The hon. member for Alfred-Pellan.

Opposition Motion—Harmonization of QST with GSTBusiness of SupplyGovernment Orders

3:50 p.m.

Bloc

Robert Carrier Bloc Alfred-Pellan, QC

Mr. Speaker, I will be sharing my time with the hon. member for Brome—Missisquoi.

The goal of our opposition day here today is really to allow Parliament to reach a decision on this important matter of the compensation that the government owes Quebec for the harmonization of the Quebec sales tax with the goods and services tax.

The motion reads as follows:

That, in the opinion of the House, the government should negotiate in good faith with the Government of Quebec to resolve the dispute dating back over ten years regarding the harmonization of the QST with the GST in the early 1990s and agree to provide $2.6 billion in compensation to Quebec for this harmonization, and that Quebec continue to administer these harmonized taxes.

The Bloc Québécois motion strongly emphasizes the words “negotiate in good faith”. The Conservative government has taken quite the opposite approach, despite the number of times they have talked about it in this House. With his dithering and his all too frequent objections concerning current negotiations with Quebec, the Minister of Finance has proven that he does not understand the meaning of negotiating in good faith.

Since they came to power, the Conservatives have reiterated through their finance minister their intent to continue the discussions on sales tax harmonization in all their budgets and economic statements. Over the last few weeks, though, the finance minister has demonstrated just the opposite. He has shown instead how able he is to use all possible subterfuges to try to undermine the negotiating process with the Government of Quebec.

What does the minister mean by “negotiating in good faith?” Quebec was the first province back in the 1990s to harmonize its sales tax with the federal tax and it did so by negotiating in good faith with the government of the day, as it has always done. Can the same be said of the federal government?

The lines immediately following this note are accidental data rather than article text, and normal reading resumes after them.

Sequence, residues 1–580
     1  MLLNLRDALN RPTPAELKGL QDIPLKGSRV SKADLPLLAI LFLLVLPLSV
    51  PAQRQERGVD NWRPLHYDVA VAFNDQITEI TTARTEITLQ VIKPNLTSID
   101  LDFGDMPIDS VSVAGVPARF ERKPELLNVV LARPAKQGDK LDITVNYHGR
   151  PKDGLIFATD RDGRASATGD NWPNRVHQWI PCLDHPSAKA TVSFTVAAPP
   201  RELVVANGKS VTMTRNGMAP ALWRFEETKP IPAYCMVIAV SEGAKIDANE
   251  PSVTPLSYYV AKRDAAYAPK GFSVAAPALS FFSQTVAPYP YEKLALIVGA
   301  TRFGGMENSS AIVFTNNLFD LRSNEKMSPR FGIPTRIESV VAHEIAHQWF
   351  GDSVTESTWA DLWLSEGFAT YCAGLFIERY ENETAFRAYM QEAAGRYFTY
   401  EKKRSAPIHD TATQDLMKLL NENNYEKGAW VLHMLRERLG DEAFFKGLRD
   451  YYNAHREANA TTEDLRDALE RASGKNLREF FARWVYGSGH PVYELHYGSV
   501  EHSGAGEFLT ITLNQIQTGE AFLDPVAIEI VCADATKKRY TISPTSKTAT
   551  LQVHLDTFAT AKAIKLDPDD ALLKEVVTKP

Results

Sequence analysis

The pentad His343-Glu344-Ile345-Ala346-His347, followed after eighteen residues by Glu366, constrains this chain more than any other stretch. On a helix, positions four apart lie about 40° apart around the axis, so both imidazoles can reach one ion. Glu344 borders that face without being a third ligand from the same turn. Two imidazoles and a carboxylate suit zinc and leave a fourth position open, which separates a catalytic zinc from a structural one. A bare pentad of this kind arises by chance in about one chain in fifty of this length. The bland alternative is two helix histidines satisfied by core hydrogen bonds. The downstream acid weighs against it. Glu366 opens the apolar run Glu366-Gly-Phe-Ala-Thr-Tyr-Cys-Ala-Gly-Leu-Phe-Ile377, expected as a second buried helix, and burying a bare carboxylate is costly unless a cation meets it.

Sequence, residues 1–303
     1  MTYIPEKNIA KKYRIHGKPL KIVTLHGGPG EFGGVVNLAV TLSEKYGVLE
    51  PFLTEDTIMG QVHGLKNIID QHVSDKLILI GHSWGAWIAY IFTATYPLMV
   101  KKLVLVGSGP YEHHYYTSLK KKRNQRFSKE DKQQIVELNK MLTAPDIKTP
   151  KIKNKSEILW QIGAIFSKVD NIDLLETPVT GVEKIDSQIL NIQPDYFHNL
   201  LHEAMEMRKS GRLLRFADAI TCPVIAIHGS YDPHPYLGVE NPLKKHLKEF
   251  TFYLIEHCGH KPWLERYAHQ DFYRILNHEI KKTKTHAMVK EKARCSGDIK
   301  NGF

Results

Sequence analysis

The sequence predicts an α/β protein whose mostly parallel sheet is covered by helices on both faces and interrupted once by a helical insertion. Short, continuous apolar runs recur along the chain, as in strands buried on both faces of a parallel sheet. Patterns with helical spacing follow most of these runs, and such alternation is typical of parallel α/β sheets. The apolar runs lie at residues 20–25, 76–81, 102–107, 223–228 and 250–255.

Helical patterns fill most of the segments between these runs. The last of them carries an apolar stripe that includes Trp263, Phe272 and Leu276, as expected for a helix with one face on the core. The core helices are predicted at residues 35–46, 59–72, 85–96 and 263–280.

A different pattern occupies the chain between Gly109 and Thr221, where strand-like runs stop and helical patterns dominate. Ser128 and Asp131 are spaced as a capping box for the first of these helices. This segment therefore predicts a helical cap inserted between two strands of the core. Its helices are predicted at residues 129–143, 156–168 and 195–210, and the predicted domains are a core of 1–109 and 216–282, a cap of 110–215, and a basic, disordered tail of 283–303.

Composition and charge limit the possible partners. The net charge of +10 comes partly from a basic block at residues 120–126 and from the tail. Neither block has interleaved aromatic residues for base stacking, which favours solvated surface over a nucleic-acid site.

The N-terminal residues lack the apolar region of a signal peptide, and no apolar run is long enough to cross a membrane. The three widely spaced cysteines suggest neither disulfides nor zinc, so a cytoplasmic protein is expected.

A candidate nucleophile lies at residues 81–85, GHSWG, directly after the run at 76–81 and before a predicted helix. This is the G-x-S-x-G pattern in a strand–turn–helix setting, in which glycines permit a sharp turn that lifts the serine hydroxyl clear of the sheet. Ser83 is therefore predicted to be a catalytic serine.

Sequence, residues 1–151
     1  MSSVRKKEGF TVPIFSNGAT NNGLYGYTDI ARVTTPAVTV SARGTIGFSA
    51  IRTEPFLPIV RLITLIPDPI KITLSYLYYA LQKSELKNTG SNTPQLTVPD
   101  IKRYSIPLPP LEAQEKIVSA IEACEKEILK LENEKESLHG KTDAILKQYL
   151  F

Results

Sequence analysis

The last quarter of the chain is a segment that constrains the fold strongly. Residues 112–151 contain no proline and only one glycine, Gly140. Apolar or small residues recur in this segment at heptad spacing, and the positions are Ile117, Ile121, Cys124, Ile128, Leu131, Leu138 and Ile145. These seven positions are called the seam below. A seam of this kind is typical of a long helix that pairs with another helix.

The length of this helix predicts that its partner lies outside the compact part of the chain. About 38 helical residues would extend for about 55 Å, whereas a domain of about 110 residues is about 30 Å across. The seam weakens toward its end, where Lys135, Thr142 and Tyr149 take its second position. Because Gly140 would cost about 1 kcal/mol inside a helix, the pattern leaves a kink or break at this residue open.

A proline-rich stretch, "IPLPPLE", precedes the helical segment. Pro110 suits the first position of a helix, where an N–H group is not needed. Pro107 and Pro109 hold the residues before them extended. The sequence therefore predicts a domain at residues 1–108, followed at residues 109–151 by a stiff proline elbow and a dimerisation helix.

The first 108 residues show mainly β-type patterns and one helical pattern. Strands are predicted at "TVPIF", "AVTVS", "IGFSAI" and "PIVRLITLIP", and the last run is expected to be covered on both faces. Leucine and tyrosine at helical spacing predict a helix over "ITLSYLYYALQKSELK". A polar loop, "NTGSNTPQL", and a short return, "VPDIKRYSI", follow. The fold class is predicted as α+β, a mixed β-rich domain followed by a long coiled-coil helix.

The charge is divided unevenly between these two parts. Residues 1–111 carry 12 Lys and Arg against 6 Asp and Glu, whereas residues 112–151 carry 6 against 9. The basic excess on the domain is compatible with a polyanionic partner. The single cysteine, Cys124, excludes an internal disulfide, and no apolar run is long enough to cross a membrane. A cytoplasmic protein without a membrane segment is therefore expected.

Last March 31, a motion was introduced in the Quebec National Assembly concerning the provision of compensation similar to what the federal government provided to Ontario. The motion was passed unanimously by all the parties in the National Assembly.

It states that Quebec was the first province to harmonize with the federal goods and services tax in the early 1990s. Since then, three Atlantic provinces harmonized with the GST in 1997 and received nearly $1 billion in compensation. The Government of Ontario announced that it would harmonize its sales tax with the GST beginning on July 1, 2010. The federal government is going to pay Ontario $4.3 billion in compensation for this, an amount that is justified in the Canada-Ontario agreement by a desire to stimulate economic growth and job creation. The federal government will administer this new provincial tax for free on Ontario’s behalf. The Ontario sales tax will be very similar to the Quebec sales tax because certain items, such as books, will be exempt. The input tax rebates in Ontario may well be identical to those in Quebec. Ontario is the fourth province to receive compensation from the federal government for the harmonization of the federal and provincial sales taxes, while Quebec has not received any compensation, even though it was the first to harmonize its sales tax.

All the parties present in the Quebec National Assembly are asking for fair, equitable treatment from the Conservative government and its Minister of Finance and want compensation similar to what was provided to Ontario.

The voters in my riding who have given me their majority support on three occasions are closely following the supposed good faith negotiations with the Minister of Finance.

They do not understand why the government is applying a double standard to the detriment of Quebec.

My voters have not been fooled. They have understood that, to defend their rights, they must rely on the members of the Bloc Québécois; that to defend respect for their culture, there is only the Bloc Québécois; and that to properly protect their future, there is only the Bloc Québécois. For far too long, they have understood that rhetoric is and will remain just that, rhetoric, and that only the Bloc Québécois can really defend them.

I will recall a little bit of history to corroborate what I have just said.

In 1980, Pierre Elliott Trudeau stated in Quebec that the Liberals would put their seats on the line to bring about change, leaving the impression that Quebec would receive its due. What we got was the unilateral repatriation of the Constitution, which was imposed on Quebec.

In 1984, Brian Mulroney promised that Quebec would return to the constitutional fold “with honour and enthusiasm.” What we got was the Meech Lake shipwreck.

In 1995, during the referendum campaign, Jean Chrétien promised change. What we got was the Clarity Act and the sponsorship scandal.

In 2005—closer to our time—during a speech in Quebec City, it was the turn of the current Prime Minister to try the grand seduction by promising an open federalism. What we got was a government that rejected the rights, the identity, the values and the interests of Quebec. For 25 years now, the orators have changed but Quebec is still waiting and nothing has changed.

Despite all the great promises to Quebeckers, despite the smoke and mirrors by the Conservative Prime Minister, after 31 months in office, after 31 months of speeches and promises made to Quebec, nothing has been done.